The effect on cultural adoption, of risk management, of production control

Recently, I have focused on risk production and control.

 

Reading through the various regulations and proposals, errors, in the market and credit risk production itself, fall into, and get a little lost within, the op risk side of life. My main issue with this is that far from being an economic capital driver, good risk production control is the central plank in establishing an adoptable risk culture in any firm.

 

My main fear is that the general, and understandable, focus on meeting the regulatory changes has been at the cost of moving forward with better risk controls.

 

Effectively, if the lack of risk as a cultural imperative within financial firms is a major contributor to the recent crisis, then its correction should be a major driver in the aftermath. It is difficult to see how there can be any serious adoption, or buy in, from the stakeholders of risk, if the numbers themselves cannot be trusted, or at least correct quickly, once errors have been detected.

 

From what I have read, most of the control functions are around the trading itself, with risk incentives being in the form of punative measures such as CVA or IRC (sticks rather than carrots). On the risk side itself, it has all been about the capital numbers (again, sticks over carrots), with CVA, IRC, Stressed VaR, DSR etc.

 

I have always felt that making the risk numbers useful from a strategic point of view, which means that they are genuinely useful in terms of planning, would put risk at the heart of a firm in a far more 'sticky way' than simply making it a capital issue (which leads, in part, to increasing product sophistication and model/complexity arbitrage). It does require, however, that the numbers are either correct, or quickly correctable, and therefore trusted.

 

As I said, this has been a main focus for me and my firm for a while. i would love to hear other folks opinions.

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I shall rename :-
- culture adoption, of risk management, of production control as "Core", and
- capital issue as "Periphery".
Both are Insight-Building Models based on past, present and extrapolation of the future, for which Core relates to macroeconomic and microeconomic (but I'm limiting my discussion to macro only) whilst Periphery relates to sub-problems of the macroeconomic.
 
a) The Problem with Core :-
We are too far from absolute truth to be so specialised and to make the kind of confident quantitative claims that often emerge from Core since it is built on supposedly "micro-founded" calibrations of key parameters that are definitely on the surreal side ie by not taking Periphery considerations, the model narrows the parameter to certain values. This is notwithstanding the quantitative mathematical formalisations of Core where what's mathematically equivalent may not be psychologically so.

b) Policy Implications of Confusing Environment :-
How do we go about doing policy analysis in models with some loosely specified blocks not pinned down to specific areas of our interest eg the centrality of surprises in financial and economic crises seems discouraging since it would seem that it is difficult to fight something that is essentially impossible to predict, that keeps changing, and that is not understood until after it happens thereby giving rise to improvise policy.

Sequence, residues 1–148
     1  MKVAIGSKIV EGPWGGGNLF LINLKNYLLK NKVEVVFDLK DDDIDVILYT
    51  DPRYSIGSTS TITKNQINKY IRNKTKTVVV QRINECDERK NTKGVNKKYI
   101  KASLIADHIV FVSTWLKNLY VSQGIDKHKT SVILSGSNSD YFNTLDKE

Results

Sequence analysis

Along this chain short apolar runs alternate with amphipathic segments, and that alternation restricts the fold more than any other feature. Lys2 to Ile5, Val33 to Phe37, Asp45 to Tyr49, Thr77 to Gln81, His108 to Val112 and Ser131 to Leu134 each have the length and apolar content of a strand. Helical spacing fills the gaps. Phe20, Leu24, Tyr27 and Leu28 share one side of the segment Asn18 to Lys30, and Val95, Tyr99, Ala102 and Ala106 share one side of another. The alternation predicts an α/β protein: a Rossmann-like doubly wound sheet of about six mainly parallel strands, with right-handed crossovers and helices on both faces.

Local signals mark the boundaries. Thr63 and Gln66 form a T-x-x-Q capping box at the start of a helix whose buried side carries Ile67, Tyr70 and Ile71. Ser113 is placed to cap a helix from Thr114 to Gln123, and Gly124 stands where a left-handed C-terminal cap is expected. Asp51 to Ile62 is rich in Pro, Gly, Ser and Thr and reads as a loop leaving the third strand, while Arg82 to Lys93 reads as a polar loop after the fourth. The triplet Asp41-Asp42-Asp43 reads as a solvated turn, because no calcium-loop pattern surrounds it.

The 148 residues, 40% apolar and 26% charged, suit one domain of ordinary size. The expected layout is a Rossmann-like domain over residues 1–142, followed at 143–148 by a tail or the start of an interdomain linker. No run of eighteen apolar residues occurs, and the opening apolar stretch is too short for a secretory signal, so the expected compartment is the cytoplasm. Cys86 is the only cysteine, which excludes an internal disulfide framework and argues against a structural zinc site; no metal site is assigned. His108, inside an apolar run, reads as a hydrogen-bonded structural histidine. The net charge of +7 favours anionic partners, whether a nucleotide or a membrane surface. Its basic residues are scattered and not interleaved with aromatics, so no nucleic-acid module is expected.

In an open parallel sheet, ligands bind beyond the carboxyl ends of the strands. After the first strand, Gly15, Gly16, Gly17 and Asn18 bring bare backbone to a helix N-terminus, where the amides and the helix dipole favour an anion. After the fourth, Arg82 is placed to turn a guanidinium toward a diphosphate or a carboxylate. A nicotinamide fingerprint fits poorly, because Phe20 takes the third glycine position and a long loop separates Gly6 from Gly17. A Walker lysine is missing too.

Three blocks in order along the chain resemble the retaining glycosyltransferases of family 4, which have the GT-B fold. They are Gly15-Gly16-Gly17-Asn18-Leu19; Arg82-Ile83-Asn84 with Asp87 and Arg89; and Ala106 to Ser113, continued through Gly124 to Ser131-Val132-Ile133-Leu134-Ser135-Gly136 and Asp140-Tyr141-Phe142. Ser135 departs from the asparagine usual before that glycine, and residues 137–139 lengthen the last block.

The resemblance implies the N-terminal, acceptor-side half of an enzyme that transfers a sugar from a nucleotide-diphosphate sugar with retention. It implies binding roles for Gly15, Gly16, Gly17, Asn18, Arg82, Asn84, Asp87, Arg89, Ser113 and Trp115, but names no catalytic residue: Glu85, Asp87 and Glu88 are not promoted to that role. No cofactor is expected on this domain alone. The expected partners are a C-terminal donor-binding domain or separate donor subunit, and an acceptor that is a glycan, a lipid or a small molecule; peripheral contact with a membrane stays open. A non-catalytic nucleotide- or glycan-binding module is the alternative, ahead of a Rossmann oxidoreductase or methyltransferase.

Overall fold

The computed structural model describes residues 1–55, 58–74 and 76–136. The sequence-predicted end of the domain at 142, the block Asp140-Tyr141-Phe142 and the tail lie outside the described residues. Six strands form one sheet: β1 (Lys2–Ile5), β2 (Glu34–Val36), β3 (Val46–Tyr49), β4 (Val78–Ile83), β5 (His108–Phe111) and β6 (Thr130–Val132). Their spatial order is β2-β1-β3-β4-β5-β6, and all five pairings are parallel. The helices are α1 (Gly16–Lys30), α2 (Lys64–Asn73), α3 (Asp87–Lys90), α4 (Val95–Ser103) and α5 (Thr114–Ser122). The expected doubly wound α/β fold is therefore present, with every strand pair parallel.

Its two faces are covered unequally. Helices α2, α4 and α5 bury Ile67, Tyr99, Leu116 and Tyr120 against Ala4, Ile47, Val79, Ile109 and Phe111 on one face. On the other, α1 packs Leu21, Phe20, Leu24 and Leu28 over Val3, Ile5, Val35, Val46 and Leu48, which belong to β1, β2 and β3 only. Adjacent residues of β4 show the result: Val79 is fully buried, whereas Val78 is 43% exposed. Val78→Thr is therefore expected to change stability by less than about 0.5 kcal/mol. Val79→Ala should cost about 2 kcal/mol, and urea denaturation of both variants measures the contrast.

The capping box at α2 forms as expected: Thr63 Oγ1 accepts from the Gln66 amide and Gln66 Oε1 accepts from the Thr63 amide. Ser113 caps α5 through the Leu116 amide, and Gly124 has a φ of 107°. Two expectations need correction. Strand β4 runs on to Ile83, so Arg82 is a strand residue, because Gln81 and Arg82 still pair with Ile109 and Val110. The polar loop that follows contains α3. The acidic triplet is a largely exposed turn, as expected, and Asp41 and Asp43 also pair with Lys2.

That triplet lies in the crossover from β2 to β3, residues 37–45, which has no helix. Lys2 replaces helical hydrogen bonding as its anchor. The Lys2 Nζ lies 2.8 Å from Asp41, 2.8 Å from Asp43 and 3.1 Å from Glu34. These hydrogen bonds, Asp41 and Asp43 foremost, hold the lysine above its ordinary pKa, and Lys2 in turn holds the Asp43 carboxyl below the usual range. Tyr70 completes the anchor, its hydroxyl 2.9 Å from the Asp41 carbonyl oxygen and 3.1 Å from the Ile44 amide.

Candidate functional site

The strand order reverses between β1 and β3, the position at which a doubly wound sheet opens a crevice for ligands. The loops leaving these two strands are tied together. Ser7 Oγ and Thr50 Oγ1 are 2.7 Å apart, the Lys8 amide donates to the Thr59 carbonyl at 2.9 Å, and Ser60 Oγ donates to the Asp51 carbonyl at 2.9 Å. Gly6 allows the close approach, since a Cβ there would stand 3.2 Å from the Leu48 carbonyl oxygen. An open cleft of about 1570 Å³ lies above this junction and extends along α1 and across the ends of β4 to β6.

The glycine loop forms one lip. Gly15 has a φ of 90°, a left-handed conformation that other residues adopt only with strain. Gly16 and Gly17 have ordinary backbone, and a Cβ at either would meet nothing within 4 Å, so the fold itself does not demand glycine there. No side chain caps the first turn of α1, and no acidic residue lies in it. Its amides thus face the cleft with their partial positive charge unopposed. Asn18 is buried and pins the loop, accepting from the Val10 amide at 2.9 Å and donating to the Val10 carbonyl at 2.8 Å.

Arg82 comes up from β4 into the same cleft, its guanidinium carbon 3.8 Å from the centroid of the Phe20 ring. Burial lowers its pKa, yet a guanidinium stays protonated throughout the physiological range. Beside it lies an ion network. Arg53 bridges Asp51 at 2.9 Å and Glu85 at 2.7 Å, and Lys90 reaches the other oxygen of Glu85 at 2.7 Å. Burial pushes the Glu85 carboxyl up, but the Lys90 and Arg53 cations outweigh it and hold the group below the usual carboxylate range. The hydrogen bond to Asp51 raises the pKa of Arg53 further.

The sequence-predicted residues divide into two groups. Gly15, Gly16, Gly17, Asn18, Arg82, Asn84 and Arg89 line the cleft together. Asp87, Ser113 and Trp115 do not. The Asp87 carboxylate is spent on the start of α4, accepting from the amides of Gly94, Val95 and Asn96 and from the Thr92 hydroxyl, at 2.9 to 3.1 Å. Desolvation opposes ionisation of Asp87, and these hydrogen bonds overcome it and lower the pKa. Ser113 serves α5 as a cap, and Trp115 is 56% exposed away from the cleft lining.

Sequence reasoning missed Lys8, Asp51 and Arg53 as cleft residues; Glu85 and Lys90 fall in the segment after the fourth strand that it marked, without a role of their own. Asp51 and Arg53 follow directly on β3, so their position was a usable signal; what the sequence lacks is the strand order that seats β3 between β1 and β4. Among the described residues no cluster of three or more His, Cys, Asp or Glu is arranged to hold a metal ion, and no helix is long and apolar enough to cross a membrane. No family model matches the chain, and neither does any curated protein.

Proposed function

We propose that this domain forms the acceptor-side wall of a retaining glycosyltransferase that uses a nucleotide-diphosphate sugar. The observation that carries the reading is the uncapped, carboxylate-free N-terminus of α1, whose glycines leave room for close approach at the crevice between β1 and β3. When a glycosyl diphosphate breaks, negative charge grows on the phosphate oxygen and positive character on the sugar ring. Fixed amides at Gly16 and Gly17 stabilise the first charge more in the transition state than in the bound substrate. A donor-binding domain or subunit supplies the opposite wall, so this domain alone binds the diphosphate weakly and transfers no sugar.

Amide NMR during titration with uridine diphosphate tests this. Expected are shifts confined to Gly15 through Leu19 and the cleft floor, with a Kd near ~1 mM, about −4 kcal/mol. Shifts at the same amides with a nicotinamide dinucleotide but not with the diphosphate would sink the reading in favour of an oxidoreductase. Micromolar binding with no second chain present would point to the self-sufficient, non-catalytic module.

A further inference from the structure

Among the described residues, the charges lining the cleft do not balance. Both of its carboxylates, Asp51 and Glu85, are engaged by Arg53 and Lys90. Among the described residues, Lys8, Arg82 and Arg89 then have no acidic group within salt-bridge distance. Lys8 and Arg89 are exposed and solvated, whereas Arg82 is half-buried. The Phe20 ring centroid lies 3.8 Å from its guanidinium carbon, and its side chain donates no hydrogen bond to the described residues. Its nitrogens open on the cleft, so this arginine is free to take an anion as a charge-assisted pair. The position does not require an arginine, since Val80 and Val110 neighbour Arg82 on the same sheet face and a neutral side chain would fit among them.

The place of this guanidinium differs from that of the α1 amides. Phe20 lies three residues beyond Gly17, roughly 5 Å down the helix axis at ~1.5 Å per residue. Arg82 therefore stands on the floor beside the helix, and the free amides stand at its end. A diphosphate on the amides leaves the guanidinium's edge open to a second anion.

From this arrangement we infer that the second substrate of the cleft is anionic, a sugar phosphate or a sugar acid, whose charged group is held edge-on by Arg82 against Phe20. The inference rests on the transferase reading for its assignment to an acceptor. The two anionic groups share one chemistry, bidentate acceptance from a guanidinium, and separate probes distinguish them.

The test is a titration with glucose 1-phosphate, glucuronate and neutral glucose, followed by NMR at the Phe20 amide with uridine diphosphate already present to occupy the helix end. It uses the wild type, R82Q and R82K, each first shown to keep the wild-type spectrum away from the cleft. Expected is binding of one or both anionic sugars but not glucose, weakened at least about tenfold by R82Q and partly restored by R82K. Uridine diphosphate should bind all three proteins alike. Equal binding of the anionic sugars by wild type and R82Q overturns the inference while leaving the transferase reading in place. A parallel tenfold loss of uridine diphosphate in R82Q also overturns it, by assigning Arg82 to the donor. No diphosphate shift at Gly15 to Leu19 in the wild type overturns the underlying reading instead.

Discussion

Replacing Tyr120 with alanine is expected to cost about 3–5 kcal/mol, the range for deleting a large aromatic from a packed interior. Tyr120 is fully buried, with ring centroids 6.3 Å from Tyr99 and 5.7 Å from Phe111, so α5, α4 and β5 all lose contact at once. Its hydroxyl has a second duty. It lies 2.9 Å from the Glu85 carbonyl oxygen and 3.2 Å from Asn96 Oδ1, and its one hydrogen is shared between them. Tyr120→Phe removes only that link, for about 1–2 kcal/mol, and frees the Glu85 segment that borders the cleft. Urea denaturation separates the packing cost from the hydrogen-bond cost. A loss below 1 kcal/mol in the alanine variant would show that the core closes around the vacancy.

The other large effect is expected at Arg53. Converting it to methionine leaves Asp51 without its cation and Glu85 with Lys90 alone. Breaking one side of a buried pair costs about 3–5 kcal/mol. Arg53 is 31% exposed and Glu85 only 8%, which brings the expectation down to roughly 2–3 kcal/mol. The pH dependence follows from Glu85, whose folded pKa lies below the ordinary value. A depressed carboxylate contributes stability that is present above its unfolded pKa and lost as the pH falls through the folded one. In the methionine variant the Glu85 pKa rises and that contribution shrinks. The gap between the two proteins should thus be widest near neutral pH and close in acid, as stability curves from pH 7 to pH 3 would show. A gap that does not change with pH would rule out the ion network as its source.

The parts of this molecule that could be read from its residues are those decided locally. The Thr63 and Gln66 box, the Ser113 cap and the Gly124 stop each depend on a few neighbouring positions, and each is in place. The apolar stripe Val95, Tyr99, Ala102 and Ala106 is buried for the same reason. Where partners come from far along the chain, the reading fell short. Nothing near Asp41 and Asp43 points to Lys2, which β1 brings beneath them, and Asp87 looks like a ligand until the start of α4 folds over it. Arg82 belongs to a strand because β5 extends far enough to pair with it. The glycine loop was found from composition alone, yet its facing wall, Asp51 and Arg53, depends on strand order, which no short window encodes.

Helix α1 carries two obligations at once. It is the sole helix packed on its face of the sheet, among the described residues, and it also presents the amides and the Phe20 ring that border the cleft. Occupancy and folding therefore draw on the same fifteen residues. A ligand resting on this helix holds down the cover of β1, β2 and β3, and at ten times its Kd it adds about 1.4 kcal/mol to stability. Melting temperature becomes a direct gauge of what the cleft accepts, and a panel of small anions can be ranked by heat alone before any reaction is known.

c) The Problem with Periphery :-
Is not the model itself (VAR, CVAR, Stressed VAR, GARCH etc etc), it is Data Reliability (DR). Without DR, it is literally impossible to work !!! Risk data are sitting in a number of silos across the globe without any viable way of aggregating them in a useful way. This data includes "monopoly" info from key central banks that needs to be integrated and managed along with all financial institutions including hedge funds.
On the assumption that the framework created jointly by Dodd-Frank and the proposals from the Financial Stability Board, IMF, and Basel III (amongst others), will address the data reliability issue (which I doubt since it does not incorporate those data from MOF Japan - the largest FX derivative market in the world due to the yen carry trade), the other problems include :-
- unless the safety net is backed by solid crisis planning, cumulative extensions of the safety net are apt to result in less frequent but more devastating crises,
- the more effective a nation's safety net becomes, the less likely that regulatory personnel will have prior hands-on experience in coping with the severity of crisis pressures, and
- redesigning regulatory schemes and relocating bureaucratic responsibilities for different features of the safety net will not by itself do much to slow processes of regulatory arbitrage.
I'm afraid to say that Core will only be useful under the following assumptions :-
a) globalisation is dead or "prison" economy, 
b) markets are deeply embedded in systems of governance, and 
c) democratic governance organises within national political communities eg EU.

Welcome to the Real World.
I've been working on linking Finance to quality management in organizations. I see this as a big problem to effective operation of a company and yes to the bottom line. (My new book "Competitive Advantage: Linking Management Systems" is due out momentarily. As to the posting, I'd like a definition of the terms

CVA, IRC, VaR, DSR  and a description of the roles they play in an organizations finances and management.

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